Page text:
Clegg said people would judge a potential prime minister on their ability to lead rather than if they were gay, as he insisted he would have no issues at all if "one of my boys told me that he liked another boy".
Miliband expects there to be a gay PM in the future as social attitudes have driven a series of changes, including equal marriage, in the last 20 years.
David Cameron also said "sexual orientation should be neither here nor there" as people are helped to achieve their full potential - including becoming PM.
He added that more role models - either straight or gay - were needed to encourage best behaviour in sport, adding clubs "must tackle problems on the terraces".
Clegg and Miliband were responding to questions from Gay Times (GT) readers while Cameron wrote an open letter for the latest edition of the publication, which is available digitally today and in print next Wednesday.
On whether the public would accept a gay PM, Liberal Democrat Clegg told GT magazine: "Yes and why not?
"Being gay doesn't affect how you work, how you interact with people or how you make decisions. I'm confident that the British people would judge him or her on their ability to lead and be a good prime minister and not on who they choose to share their life with."
Asked if he could foresee a gay PM, Miliband said: "Yes. I think the world has changed a lot.
"If you think about the way the world has changed in the last 20 years since I was at college we've seen the repeal of Section 28, we've seen civil partnerships, the lowering of the age of consent, equal marriage and that has been driven by change in social attitudes and that is why I think absolutely it's foreseeable to have a gay prime minister."
Clegg said he hoped in the future children would not dread coming out to their parents.
Asked how he would react if one of his children was gay, Clegg answered: "I would have no issues at all if one of my boys told me that he liked another boy.
"It's not a choice, it's who you are and I would love my boys regardless of their sexuality. I just hope that some day coming out to your parents is not going to be something you dread but something you will remember fondly."
Miliband added on the same issue: "I would love them equally as much. The most important thing to me is that my kids are happy and I don't care whether they're gay or straight. That's what matters to me."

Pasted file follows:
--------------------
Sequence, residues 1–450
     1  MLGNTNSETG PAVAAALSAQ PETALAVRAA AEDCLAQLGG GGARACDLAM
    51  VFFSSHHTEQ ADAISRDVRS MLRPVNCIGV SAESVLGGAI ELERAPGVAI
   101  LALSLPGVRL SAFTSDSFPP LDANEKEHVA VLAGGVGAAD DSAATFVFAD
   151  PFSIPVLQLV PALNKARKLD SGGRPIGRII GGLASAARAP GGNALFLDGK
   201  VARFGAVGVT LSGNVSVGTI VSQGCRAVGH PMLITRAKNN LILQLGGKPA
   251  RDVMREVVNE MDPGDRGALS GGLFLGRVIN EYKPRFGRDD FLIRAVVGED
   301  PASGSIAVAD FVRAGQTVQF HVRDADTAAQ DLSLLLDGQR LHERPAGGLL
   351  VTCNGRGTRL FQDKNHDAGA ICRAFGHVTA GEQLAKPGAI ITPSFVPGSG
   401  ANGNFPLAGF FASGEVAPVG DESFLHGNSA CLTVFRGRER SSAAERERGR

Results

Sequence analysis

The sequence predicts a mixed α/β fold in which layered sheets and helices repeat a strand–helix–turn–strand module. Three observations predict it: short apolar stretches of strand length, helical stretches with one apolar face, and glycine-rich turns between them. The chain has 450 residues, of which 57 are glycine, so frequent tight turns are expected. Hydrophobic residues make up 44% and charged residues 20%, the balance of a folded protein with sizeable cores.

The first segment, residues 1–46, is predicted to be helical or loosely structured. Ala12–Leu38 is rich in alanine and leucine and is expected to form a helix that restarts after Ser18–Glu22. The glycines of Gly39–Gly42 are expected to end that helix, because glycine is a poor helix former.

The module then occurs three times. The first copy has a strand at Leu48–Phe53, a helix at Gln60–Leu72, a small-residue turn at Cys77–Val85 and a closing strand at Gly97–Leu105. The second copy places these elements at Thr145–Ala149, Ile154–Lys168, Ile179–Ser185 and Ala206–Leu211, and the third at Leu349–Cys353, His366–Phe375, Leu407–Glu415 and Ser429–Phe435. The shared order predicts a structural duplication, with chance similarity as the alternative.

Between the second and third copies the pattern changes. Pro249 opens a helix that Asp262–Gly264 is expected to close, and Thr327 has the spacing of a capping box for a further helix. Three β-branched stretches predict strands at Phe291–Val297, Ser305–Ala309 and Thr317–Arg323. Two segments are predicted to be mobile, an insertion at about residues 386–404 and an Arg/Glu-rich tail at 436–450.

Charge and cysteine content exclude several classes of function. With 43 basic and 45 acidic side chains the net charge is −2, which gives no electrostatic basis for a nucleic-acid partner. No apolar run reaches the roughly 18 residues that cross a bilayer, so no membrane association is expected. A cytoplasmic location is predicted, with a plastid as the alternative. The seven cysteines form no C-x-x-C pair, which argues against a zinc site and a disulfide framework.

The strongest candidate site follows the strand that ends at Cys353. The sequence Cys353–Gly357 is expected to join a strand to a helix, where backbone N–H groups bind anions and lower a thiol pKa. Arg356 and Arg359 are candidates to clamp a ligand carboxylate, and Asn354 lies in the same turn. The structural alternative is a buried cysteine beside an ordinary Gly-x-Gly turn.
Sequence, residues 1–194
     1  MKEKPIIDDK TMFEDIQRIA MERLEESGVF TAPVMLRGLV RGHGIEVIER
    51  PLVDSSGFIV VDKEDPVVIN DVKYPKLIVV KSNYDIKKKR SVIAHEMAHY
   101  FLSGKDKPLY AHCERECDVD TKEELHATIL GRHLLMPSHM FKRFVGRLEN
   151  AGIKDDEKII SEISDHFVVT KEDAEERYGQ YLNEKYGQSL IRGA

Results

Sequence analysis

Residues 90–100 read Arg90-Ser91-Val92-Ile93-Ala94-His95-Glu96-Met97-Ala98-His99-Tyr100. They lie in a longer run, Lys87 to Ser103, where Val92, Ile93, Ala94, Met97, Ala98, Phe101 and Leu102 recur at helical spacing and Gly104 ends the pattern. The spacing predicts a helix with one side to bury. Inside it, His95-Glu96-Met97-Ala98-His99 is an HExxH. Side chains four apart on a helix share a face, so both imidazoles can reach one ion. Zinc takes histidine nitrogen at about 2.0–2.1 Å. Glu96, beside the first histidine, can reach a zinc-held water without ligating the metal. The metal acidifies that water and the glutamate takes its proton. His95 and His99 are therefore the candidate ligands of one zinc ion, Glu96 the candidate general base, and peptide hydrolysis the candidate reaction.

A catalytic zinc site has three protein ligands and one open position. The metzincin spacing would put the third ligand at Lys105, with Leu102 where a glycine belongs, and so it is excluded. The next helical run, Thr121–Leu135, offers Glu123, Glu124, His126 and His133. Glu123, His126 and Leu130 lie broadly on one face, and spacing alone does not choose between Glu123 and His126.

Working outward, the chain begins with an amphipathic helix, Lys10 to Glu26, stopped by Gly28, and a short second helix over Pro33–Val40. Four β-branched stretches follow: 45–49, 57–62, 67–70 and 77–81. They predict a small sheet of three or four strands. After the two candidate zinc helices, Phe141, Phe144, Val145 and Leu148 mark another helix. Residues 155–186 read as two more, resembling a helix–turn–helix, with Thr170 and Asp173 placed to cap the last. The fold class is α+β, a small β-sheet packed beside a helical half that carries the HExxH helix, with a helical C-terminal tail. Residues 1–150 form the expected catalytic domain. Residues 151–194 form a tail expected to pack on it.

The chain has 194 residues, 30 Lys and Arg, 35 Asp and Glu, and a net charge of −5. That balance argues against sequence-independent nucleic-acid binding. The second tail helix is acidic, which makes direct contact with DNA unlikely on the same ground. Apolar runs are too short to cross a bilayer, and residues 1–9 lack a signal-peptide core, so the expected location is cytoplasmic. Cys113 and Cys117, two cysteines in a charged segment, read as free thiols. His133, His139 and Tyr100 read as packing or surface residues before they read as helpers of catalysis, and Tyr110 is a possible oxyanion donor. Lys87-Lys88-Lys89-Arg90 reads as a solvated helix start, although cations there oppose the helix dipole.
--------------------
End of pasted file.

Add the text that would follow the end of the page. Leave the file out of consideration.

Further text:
In his open letter, Cameron said he was proud to be PM of a country judged to be the "best place to live in Europe if you are lesbian, gay, bisexual or trans(gender)", adding the Government was attempting to fight prejudice where it remains.
On sport, he went on: "We are working to break down barriers in sport, too. People should be able to excel in sport regardless of their sexuality - but we know how hard it's been.
"We have seen the enormously positive reaction to people like Thomas Hitzlsperger and Gareth Thomas being open about their sexuality, and hopefully that will encourage others to be more open too.
"But we need more role models, straight and gay, to encourage the best behaviour and clubs must tackle problems on the terraces."
UK Independence Party leader Nigel Farage was also invited to write an article for the magazine, in which he was asked if his party would pledge to expel homophobic members in the future.
He told GT magazine: "It would sound great to say, 'yes, we would expel anybody who was a homophobe', but how would that be judged, or investigated or enforced? Are there limits to what is acceptable and unacceptable, in terms of political correctness? Who is the ultimate arbiter of morality or taste?
"Even within one section or group of society there will be very different notions of what is fine and what is deemed insulting or upsetting. We are a political party, not the thought police, and never would we wish to become anything different."